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Another Let Down by New Jersey Devils in Overtime Loss to New York Rangers

The New Jersey Devils made a comeback but it was not good enough in an overtime loss to Our Hated Rivals, the New York Rangers. This game recap goes over what went well and did not go well for the Devils.

New York Rangers v New Jersey Devils
Yeah, I’m not happy either, DSP.
Photo by Elsa/Getty Images

Tonight, the New Jersey Devils lost 3-4 in overtime to Our Hated Rivals, the New York Rangers. The scoring was bookended by the victors. The deplorable opponents struck for two goals, the Devils put them on some knowledge for three in a row, but the dastardly Dolanites found a relatively late equalizer in the third period and the overtime winner.

If I seem bitter, then it’s because I am to a degree. These are Our Hated Rivals. I can’t ever like a game where my favorite team does not beat a team I hate. I agree with Mike’s recent post and the others here and elsewhere that point to 2016-17 being another lost season. I’ve looked at the stats enough to know this team might as well be spelled DeviLs for the next six weeks or so. I understand the calls for tanking, selling, and so forth will only increase over the next few days. I realize that the Devils are currently a Bad Team and that losing may not be the worst case scenario for them. I get that. But if nothing else - beat the Rangers. At least give me that; some victories over a rival, please. That would dull what looks to me to be inevitable pain from most of the rest of the regular season schedule.

It looked like tonight would be that night. The Devils put up a big comeback to take a 3-2 lead in the third. It was exciting, entertaining, enjoyable, and energizing. I was in a good mood after Kyle Palmieri re-directed a rocket of a shot by Andy Greene to the top corner. (And even more when Alain Vigneault threw away a timeout challenging it.) The Rangers fans at the Rock were quiet throughout most of the third period, realizing that their PDO-darlings may actually lose to the Devils. But it all went awry. A moving screen by Ben Lovejoy during Adam Clendening’s shot provided the game-tying goal. Overtime ended with Mika Zibanejad faking a shot and then sliding a wrister through Cory Schneider’s legs. Whatever good will, good tides, and good times generated by those three goals was undercut. At a minimum, I have to describe this as a let down even taking New Jersey’s situation into account.

The Game Stats: The Game Summary | The Event Summary | The Play by Play Log | The Shot Summary | The Shift Charts | The Natural Stat Trick Game Stats | The Game Stats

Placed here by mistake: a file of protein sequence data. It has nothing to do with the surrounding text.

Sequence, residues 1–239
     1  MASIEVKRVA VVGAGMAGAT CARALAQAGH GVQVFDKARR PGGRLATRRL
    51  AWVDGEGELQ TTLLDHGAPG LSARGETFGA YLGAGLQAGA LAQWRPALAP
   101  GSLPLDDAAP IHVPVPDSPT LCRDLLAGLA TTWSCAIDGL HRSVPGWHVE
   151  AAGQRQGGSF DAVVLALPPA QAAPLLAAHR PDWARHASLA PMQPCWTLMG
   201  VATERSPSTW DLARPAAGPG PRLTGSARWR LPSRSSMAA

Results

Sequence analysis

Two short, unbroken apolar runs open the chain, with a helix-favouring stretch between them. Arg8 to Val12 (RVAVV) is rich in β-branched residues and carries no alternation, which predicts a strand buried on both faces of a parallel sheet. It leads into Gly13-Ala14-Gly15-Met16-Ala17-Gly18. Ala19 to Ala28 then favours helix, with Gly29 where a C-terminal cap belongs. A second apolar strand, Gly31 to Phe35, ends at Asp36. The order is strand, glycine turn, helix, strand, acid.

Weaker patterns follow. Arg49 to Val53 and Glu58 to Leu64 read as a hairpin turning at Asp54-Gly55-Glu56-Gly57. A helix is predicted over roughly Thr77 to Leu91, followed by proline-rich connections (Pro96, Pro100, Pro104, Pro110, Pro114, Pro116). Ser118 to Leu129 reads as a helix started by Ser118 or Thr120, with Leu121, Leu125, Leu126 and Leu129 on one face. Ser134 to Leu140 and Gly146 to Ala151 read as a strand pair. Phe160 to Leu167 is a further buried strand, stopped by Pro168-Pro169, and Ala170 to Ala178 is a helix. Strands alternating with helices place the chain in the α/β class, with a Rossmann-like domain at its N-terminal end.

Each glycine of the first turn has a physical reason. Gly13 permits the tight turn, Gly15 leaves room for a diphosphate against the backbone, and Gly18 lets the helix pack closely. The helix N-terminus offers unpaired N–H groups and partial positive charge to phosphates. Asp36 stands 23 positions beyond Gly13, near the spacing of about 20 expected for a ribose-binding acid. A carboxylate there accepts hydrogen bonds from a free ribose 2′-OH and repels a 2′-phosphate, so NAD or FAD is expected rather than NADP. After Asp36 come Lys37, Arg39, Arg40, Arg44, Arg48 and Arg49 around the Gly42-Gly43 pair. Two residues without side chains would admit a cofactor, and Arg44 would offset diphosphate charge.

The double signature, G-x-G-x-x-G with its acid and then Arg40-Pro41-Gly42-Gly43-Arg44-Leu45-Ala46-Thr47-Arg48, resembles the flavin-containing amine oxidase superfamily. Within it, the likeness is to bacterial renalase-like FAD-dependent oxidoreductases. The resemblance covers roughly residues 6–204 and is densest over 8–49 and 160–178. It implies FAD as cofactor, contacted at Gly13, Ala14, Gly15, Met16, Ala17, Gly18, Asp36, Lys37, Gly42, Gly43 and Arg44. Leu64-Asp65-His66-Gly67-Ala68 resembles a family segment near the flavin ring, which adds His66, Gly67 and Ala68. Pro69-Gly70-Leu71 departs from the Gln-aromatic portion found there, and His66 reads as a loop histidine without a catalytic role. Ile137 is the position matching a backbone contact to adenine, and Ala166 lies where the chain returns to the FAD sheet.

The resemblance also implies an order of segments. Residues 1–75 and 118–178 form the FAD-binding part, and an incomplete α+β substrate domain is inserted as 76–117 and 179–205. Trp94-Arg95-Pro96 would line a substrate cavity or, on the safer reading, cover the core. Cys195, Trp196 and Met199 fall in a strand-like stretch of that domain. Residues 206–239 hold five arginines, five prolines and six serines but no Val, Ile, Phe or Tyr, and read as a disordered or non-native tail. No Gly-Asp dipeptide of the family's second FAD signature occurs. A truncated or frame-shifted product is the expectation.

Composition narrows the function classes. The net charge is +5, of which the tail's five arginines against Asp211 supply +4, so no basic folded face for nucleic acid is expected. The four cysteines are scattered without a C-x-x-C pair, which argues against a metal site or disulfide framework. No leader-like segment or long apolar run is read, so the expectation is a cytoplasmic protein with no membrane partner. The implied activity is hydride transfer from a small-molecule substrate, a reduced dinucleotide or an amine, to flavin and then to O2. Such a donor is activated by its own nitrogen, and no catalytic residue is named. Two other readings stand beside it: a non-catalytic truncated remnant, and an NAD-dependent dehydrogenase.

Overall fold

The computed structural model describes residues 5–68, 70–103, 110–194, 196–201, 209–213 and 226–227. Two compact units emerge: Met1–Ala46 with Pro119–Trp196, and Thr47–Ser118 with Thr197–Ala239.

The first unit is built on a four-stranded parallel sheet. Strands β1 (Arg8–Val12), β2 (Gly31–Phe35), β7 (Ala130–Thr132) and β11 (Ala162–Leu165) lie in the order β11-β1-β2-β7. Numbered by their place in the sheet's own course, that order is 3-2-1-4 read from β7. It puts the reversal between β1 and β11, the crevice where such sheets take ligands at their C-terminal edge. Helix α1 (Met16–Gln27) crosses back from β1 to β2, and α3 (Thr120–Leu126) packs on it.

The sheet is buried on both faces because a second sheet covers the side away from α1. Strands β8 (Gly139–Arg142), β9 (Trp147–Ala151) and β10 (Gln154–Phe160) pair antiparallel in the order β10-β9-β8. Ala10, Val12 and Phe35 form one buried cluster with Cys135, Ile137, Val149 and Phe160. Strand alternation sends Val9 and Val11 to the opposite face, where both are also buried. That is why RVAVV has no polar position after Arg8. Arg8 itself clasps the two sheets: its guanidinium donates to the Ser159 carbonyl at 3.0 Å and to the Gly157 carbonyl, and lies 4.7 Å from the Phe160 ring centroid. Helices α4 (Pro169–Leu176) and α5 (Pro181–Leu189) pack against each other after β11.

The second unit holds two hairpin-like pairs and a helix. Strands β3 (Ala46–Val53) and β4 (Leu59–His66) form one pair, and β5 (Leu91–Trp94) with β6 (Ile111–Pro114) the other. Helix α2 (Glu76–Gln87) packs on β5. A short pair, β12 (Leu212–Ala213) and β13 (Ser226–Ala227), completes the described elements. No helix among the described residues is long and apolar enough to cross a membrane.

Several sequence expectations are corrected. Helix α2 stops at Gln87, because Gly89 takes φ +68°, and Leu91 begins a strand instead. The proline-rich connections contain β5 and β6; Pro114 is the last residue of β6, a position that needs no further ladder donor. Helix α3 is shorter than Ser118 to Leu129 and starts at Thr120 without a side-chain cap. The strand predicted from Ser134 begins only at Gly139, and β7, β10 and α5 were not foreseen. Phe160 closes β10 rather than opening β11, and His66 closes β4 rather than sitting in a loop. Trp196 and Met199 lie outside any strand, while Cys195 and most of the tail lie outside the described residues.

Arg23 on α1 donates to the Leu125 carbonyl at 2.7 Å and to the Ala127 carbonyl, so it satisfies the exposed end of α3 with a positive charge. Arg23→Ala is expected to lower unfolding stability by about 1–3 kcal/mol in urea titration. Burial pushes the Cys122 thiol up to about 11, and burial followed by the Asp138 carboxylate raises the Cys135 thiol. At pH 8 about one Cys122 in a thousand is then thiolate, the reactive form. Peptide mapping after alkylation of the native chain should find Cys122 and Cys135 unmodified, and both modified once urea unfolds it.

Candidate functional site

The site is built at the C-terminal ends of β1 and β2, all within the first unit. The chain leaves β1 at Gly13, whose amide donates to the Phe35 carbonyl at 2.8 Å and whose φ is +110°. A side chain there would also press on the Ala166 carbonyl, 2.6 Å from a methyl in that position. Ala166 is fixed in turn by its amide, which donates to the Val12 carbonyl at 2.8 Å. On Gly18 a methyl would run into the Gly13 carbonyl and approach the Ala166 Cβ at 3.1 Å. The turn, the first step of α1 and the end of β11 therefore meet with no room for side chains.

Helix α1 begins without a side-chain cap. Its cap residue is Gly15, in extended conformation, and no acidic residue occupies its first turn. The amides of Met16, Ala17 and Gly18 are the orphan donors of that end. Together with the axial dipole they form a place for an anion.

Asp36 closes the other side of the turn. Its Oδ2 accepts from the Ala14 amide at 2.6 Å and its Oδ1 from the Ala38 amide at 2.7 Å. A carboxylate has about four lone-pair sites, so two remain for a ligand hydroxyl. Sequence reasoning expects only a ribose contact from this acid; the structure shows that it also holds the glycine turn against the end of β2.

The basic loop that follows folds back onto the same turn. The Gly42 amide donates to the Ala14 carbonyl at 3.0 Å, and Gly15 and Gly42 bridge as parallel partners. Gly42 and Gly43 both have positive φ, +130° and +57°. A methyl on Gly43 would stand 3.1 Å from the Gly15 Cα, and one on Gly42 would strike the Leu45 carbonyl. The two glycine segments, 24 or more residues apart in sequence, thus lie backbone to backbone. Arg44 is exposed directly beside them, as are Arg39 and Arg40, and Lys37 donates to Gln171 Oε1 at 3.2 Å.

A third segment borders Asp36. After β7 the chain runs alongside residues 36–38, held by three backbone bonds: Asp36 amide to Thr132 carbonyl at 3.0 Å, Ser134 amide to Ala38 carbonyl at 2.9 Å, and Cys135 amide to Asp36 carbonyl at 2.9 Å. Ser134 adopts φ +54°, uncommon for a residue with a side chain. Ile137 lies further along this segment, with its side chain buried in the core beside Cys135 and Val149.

The Opposition Opinion: Bryan Winters has this recap at Blueshirt Banter.

As Much As I Felt Let Down by This Loss...It Wasn’t All Bad: However, my bitterness is not completely reality-based. As with the last Devils-Rangers game, there were plenty of positives to take from the Devils performance. Allow me to go through a number of them.

The General Offensive Production: Offensively, the team showed up and more than hung with a Rangers squad loaded with talent in a high-event game. The Rock’s shot counter was off to start the game, but it appeared and tallied up a game where shots ended 40-38. Not every shot by the Devils or Rangers was particularly great, but they were firing away in a mostly up-and-down affair. Total attempts were similarly close: 60-58 in favor of the visitors. It is more common that the Devils are playing games with far fewer shooting attempts for both sides. That they were able to keep up with the up-tempo pace of the game and make Antti Raanta work for his money is a plus. Beating him thrice was a plus too since for half of the game, he looked indomitable. That faded after Adam Henrique beat him with a wraparound late in the second and Raanta failed to stop a shot by Kyle Palmieri within the first minute of the third. The rocket of a shot by Andy Greene that Palmieri tipped for a quick power play goal, well, that was a deflection and can hardly be blamed on the goalie. There were plenty of situations where he had to come up big and/or lucky, all the way to Palmieri’s breakaway in overtime. But this was not like several Devils games where the concept of attacking hockey seemed lost on them. There were some stretches of that tonight - most of the second period - but this was not the norm as it has been in other games.